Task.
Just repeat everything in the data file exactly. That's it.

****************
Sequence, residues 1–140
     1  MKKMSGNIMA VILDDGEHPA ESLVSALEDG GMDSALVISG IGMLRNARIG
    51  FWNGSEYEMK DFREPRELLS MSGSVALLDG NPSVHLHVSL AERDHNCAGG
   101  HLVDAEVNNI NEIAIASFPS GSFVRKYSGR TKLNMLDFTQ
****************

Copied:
Sequence, residues 1–140
     1  MKKMSGNIMA VILDDGEHPA ESLVSALEDG GMDSALVISG IGMLRNARIG
    51  FWNGSEYEMK DFREPRELLS MSGSVALLDG NPSVHLHVSL AERDHNCAGG
   101  HLVDAEVNNI NEIAIASFPS GSFVRKYSGR TKLNMLDFTQ